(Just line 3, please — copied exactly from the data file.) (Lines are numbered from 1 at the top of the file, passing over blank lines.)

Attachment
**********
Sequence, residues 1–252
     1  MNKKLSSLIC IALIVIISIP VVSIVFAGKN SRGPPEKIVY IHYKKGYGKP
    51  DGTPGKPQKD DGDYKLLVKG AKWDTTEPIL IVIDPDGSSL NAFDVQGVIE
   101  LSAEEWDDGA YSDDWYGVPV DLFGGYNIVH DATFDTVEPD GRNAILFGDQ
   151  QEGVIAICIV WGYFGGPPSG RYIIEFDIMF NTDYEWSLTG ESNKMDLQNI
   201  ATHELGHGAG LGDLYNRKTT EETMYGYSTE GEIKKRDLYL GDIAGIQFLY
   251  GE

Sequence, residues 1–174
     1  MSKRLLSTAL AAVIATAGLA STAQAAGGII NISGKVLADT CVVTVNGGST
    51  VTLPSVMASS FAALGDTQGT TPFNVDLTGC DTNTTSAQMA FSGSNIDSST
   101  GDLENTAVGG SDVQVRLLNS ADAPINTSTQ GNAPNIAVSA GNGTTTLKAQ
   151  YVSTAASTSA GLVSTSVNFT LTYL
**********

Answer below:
    51  DGTPGKPQKD DGDYKLLVKG AKWDTTEPIL IVIDPDGSSL NAFDVQGVIE